Now is a great time to think about new sales goals for 2013 and beyond. Unfortunately, much like New Year's resolutions to lose weight or get organized, many sales goals never become a reality. Part of the problem is that goals swirling around in our heads or discussed during meetings never become concrete. I recently discussed this phenomenon with Jim Coriddi, vice president of the dealer division at Ricoh Americas. Coriddi and I agreed on the first step toward achieving sales goals: write them down. "For your sales goals to develop further, they have to be put on paper, computer screen, tablet, or white board so everyone can see them and talk about them," Coriddi says. "That's when the ideas move towards an actionable objective." Here are four ways my team and I put pen to paper to advance our goals.
1. Make it personal. When I was a sales manager, I asked my sales team to hand in one sheet of paper outlining their goals, labeling one side "12 month business goals" and the other "12 month personal goals." Then, I asked each rep to come up with a minimum of 10 goals for each side, which we could then fine tune together. Having them create their own goals was key. If they wrote it, they owned it. On many occasions, I was surprised by their ideas. The exercise also helped me understand what motivated them individually.
2. Take a page from Patton. I'm not comparing sales to armed conflict, but I do think there's something to be said for creating a "war room" equipped with white boards, flip charts, and screens detailing key action steps for you and your team. A funny thing happens when you keep your goals always in view: You start to achieve them. Even when I leave my office, the ideas on the wall are still top of mind.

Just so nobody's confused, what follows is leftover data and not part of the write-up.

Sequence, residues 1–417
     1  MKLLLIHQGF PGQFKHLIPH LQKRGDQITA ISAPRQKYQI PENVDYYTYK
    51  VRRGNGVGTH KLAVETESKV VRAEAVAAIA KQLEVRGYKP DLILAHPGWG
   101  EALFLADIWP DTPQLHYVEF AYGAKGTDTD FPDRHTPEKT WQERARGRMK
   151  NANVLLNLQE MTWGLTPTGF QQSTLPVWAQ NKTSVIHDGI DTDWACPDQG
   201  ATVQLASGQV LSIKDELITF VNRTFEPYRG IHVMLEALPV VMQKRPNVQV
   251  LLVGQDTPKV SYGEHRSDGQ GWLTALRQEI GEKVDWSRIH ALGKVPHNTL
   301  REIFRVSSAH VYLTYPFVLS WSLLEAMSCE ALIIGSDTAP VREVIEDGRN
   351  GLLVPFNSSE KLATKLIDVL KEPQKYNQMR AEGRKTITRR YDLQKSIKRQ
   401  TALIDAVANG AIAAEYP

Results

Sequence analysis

3. Get a view from the top. I start each day by looking at all of my business goals and projects on pad of paper. I break down my business into six categories in the form of a spider web, which lets me see how my goals connect with one another. I can also focus on the center of the web, which is the core of my business. Since I started using this system, I've gotten much better at focusing on important tasks throughout the day.Now, I'm much less likely to kick myself at the end of the day because I forgot to call a specific client or complete another key task.
4. Create an old-fashioned to-do list. These days, there are plenty of software applications for creating to-do lists. But, for many of us, technology is replacing something of great value: a simple pad of paper. There is something about writing a to-do list on lined paper and crossing off the actions you've completed that can't be replicated on a screen. When you put pen to paper, your brain works differently than when you type. Remembering the shapes of the letters requires a different type of feedback from the brain and helps you retain the information longer. Even though my goals are backed up on my computer, nothing beats the feeling I get from updating my to-do list on my desk at the end of the day.